Posts Tagged ‘Great Depression’

Originally published in the News Journal, January 23, 1980

Story and photos by Bruce Rommel

Black Diamond sits nestled in the western foothills of the Cascades.

Once hundreds of men worked the strip mines, producing coal, the “black diamond” which powered the railroads, fueled industry, and heated our homes.

Walking the quiet streets of Black Diamond today, one finds only the reminders of those days when this community was a booming company town.

Nestled in the western foothills of the Cascades, Black Diamond and nearby Franklin once boasted a population of more than 5,000. All that remains of Franklin today are a few house foundations scattered along hillsides. And in 1979 Black Diamond is a town with about 1,100 residents, about 50 less citizens than a decade ago. (more…)

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Originally published in the Voice of the Valley, September 4, 2002

By Barbara Nilson

The Tahoma baseball team of 1940 was largely made up of Ravensdale residents. They are: (front row) Gino Tedesco, Frank Primozich, Bob Lang, Gene Collins, Wally Habenicht, unknown, and Larry Krall; (second row) Otto Moore, coach; Frank Pooleskie and Louie Wallace; (back row) Frank Pichinini, Walt Olsen, Charles Fore, Kal Tantari, Bill Sweeney, Ed Kuhuski, and Tommy Lee — Photo compliments of the Maple Valley Historical Society

Memories will be flying fast and furious, Sunday, Sept. 15, as folks gather for the annual Ravensdale Reunion, 1 p.m., at the Maple Valley Community Center, corner of Witte Road S.E. and S.E. 248th St. The reunion is sponsored by the Maple Valley Historical Society.

No program is planned for the afternoon, just a chance to get-together over a cup of coffee and visit, share introductions and a tale or two over the open mic. (more…)

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Originally published in the MVHS Bugle, December 2007

Collected by Barbara Nilson

Christmas lists for Santa were very different 70-80 years ago. They were more wish list that never came because the Depression was rampant and an orange in one’s stocking was a wonderful, glorious discovery on Christmas morn.

The Christmas that June (Corkins) Kuhuski most remembered was in 1930. She was 10 years old and scanned the Sears Wish book and found this wonderful “Patty” doll. She said she knew it would be her last doll because she was getting older. She showed the picture to her mother who responded, “That is too expensive, better pick another one.”It was all of $2.00.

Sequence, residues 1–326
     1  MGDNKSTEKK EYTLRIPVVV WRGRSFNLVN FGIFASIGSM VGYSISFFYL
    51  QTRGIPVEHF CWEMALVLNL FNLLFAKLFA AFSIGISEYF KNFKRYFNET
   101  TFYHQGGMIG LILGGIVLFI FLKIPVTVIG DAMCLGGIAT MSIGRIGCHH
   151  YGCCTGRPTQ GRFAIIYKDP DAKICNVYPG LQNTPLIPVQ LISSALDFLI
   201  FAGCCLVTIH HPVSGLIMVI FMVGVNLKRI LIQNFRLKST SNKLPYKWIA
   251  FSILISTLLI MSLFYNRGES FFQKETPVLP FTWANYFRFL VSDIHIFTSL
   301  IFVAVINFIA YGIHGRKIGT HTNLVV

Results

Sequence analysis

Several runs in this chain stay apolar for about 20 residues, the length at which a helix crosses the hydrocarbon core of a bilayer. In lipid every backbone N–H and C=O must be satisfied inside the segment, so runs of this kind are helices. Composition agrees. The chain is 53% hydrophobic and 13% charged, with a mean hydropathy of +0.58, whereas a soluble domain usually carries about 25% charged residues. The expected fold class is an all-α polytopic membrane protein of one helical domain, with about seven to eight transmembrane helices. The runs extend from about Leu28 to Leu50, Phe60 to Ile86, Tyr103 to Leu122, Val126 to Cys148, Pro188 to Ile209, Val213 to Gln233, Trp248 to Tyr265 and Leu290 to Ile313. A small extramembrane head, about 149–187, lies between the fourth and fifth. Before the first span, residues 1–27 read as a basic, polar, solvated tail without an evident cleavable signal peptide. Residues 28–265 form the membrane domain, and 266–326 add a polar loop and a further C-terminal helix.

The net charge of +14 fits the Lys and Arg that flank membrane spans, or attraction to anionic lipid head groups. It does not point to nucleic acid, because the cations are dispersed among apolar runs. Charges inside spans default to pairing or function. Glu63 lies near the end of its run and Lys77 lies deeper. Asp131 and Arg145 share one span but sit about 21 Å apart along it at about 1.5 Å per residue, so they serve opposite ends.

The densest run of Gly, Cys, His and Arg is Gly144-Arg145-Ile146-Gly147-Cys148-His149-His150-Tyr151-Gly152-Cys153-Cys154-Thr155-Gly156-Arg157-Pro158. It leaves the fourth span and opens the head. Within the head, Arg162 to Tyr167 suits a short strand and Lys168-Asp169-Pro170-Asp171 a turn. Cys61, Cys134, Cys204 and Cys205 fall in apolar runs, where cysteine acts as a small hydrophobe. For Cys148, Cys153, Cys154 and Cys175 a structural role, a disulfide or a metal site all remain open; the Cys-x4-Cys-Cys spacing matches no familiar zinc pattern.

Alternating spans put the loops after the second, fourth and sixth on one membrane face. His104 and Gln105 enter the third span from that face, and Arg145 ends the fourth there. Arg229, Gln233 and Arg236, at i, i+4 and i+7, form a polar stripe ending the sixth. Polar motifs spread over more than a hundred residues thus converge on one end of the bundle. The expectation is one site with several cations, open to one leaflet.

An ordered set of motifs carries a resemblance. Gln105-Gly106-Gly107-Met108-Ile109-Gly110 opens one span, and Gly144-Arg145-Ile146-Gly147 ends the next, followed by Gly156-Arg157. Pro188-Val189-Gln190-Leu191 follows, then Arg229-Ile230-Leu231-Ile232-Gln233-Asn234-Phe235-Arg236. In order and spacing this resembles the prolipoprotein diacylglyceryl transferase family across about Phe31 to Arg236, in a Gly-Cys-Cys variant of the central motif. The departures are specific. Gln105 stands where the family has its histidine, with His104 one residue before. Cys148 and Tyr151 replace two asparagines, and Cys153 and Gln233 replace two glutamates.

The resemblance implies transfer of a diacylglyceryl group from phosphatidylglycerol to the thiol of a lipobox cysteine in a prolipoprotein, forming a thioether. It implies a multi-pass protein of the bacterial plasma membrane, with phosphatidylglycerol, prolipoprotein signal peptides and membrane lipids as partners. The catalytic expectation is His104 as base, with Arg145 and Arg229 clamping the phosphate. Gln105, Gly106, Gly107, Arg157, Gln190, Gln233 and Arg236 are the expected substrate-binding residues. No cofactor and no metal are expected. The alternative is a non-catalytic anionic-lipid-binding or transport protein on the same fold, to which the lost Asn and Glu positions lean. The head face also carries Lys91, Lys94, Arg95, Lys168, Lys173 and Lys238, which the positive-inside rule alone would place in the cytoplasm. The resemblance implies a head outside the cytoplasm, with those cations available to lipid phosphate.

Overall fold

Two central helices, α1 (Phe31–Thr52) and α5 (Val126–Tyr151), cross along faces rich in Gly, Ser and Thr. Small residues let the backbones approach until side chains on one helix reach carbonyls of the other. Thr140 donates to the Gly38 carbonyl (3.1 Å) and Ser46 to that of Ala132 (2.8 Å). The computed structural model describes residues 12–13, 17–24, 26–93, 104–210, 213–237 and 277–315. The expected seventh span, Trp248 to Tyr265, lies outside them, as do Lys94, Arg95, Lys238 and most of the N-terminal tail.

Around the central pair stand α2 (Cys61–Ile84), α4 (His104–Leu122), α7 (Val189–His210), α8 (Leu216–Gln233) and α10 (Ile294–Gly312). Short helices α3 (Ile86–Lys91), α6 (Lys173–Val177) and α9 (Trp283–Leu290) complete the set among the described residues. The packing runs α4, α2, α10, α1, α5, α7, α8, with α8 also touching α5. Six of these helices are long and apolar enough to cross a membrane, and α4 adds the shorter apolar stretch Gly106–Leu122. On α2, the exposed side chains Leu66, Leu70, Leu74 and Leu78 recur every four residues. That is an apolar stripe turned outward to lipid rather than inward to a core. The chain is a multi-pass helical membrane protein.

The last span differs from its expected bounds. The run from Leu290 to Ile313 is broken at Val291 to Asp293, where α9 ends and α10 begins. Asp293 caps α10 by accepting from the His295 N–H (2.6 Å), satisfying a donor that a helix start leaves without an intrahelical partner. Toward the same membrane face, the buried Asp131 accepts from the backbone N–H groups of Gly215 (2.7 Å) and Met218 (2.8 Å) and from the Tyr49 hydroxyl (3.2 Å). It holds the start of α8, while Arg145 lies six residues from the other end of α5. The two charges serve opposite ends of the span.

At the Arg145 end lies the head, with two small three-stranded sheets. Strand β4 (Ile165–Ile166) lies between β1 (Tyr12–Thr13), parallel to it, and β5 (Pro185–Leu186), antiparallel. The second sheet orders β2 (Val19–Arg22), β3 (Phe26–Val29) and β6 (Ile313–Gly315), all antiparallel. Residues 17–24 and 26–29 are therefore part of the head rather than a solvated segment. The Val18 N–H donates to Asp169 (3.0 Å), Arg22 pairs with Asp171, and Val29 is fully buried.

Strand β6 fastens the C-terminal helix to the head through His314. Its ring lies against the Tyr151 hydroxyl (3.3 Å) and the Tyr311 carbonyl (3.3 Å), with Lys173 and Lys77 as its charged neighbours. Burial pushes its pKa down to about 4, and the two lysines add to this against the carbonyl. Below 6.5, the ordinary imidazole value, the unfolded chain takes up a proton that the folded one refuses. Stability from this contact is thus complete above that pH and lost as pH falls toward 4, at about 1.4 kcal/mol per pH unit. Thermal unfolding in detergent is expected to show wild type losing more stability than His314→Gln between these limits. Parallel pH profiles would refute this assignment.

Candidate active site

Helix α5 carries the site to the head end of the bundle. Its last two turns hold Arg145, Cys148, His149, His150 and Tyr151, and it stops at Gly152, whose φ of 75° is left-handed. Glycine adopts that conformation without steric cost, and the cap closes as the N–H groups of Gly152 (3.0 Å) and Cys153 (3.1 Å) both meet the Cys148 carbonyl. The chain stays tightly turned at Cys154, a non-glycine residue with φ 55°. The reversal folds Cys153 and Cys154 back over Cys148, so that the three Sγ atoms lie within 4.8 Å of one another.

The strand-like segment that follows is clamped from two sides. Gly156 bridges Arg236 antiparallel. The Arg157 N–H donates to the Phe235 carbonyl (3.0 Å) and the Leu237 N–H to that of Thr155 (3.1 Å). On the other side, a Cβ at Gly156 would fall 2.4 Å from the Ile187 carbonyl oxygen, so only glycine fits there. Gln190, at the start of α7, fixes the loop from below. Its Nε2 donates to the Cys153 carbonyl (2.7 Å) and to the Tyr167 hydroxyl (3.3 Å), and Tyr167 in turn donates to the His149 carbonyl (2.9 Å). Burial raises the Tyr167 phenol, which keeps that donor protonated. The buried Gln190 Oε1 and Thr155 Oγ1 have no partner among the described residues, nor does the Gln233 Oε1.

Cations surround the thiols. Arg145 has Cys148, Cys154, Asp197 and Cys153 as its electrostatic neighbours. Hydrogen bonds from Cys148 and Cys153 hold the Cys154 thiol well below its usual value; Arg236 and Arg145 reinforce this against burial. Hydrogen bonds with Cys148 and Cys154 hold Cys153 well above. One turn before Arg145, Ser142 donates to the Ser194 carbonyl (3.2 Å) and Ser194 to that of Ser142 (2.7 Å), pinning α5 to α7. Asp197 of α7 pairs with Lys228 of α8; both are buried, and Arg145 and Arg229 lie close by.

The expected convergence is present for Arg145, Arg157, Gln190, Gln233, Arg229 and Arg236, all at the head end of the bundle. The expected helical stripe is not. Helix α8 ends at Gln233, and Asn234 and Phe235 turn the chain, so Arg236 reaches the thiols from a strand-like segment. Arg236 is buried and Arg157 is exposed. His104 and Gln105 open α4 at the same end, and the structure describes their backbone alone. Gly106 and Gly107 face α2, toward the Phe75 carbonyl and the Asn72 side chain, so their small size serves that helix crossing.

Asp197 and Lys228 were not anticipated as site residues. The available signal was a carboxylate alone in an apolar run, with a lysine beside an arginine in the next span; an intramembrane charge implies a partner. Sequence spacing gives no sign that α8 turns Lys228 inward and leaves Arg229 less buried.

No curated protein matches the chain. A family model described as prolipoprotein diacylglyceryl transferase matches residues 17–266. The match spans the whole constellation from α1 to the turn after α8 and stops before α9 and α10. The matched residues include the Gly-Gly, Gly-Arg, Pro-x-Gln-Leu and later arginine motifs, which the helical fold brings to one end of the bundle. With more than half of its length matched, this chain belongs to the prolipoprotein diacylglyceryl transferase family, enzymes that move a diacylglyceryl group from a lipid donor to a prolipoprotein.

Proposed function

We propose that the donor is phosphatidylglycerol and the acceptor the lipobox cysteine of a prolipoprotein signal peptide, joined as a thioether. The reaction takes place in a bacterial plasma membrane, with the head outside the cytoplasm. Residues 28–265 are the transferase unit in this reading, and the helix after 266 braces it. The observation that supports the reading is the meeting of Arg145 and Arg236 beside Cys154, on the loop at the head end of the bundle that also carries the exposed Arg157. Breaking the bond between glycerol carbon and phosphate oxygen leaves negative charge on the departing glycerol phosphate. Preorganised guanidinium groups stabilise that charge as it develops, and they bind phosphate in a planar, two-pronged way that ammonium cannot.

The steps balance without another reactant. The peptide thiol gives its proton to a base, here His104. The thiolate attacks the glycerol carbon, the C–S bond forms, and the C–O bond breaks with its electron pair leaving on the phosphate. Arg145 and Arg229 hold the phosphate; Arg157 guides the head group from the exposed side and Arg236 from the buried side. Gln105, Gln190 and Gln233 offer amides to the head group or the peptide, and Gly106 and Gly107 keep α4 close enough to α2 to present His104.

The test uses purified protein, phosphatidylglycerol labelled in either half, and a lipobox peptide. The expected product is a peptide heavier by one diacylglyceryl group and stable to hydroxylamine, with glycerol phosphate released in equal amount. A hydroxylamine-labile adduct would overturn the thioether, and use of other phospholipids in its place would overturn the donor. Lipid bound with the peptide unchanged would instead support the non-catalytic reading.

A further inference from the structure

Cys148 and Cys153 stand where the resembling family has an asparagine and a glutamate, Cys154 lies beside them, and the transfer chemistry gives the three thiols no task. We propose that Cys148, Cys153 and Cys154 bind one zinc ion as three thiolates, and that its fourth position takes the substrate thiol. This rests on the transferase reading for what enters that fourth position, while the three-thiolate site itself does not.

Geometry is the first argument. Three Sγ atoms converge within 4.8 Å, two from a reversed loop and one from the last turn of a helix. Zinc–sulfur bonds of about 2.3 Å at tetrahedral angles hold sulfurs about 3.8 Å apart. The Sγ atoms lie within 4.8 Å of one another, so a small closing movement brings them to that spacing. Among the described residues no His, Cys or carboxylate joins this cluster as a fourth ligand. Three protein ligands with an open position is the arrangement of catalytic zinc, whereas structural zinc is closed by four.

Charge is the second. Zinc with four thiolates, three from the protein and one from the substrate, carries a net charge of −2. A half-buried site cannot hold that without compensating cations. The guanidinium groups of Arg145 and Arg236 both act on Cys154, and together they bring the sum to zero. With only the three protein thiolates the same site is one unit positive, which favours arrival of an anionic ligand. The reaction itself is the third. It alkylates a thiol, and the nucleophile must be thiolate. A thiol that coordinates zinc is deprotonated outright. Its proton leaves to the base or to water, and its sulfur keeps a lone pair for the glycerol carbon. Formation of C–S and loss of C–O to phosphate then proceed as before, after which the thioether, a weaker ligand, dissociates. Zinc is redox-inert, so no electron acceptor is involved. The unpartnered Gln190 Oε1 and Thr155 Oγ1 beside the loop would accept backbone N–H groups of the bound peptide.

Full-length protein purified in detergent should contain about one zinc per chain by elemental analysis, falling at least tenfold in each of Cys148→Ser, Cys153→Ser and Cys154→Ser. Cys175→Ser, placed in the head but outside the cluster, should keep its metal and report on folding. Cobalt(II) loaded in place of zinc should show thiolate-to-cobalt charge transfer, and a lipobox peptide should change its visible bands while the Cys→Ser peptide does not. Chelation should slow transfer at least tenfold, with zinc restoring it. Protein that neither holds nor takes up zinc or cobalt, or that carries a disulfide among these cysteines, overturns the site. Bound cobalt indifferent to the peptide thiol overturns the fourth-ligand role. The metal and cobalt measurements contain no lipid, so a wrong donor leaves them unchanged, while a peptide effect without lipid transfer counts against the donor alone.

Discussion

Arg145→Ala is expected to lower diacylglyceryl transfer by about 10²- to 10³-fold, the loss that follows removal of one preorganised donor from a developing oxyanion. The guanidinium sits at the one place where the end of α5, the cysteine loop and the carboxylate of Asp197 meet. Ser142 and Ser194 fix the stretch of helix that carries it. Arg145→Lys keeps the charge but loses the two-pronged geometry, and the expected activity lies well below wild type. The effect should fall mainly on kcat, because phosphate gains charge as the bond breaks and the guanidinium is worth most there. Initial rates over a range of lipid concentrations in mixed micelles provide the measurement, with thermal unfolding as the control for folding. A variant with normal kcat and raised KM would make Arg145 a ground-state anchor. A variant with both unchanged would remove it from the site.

So June picked a less expensive one but really had her heart set on “Patty.” (more…)

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Originally published in the MVHS Bugle, December 2006

By Wayne D. Greenleaf

My parents, Glen and Vera Greenleaf, moved to Maple Valley in August of 1937. I was 9 years old, my brother Kenneth was 11½. We were born in Centralia during the Great Depression. My Dad was a plasterer and bricklayer—no jobs in Centralia. My grandfather on my mother’s side and three of his children had bought land east of Fiddler’s Comer. He talked my folks into coming up and looking.

We bought 40 acres from Weyerhaeuser, northeast of Fiddler’s Corner, 1½ miles back in the woods. $600 total, no interest and $15 a month; if you couldn’t make the $15 month, they let it go. I think at one time we were over two years behind. (more…)

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Originally published in the Black Diamond Bulletin, Spring 2013

By Ken Jensen

A business sign means more than just hanging out the proverbial “shingle.” There’s always a story.

Case in point. On the cover we find the KoernersJohn and Walt—posing in front of their drug store in 1925. One of the signs on the building is for United Cigar Stores Co.

Turns out that cigar franchise was a real boon for the Koerners—and for Black Diamond, too—as John Koerner reported in the September 1922 Pacific Coast Bulletin. (more…)

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Originally published in the BDHS newsletter, Summer 2016

By William Kombol

Kuzaro home, November 18, 1939

Kuzaro home, November 18, 1939

There are a number of resources available to learn about the history of your home or lot. One of the best resources is the Puget Sound Regional Archives (PSRA), located on the campus of Bellevue College near Eastgate.

PSRA’s collection includes property record cards kept between 1937 and 1972. This is the best source of historic photographs for homes and commercial buildings. These old photos were taken by the King County Assessor with the tax parcel, date of the photo, and other notations written on the photo, from which excellent quality prints can be made. (more…)

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Originally published in The Seattle Times, December 17, 1986

By Jim Simon

You load sixteen tons and what do you get,
Another day older and deeper in debt,
Saint Peter don’t you call me ’cause I can’’t go,
I owe my soul to the company store.

“Sixteen Tons,” by Merle Travis

It has become part of our folklore: the brutal, indentured existence of miners and millworkers eking out a living in sooty company towns. We all know it was a life of oppression.

But don’t tell that to Edna Crews. (more…)

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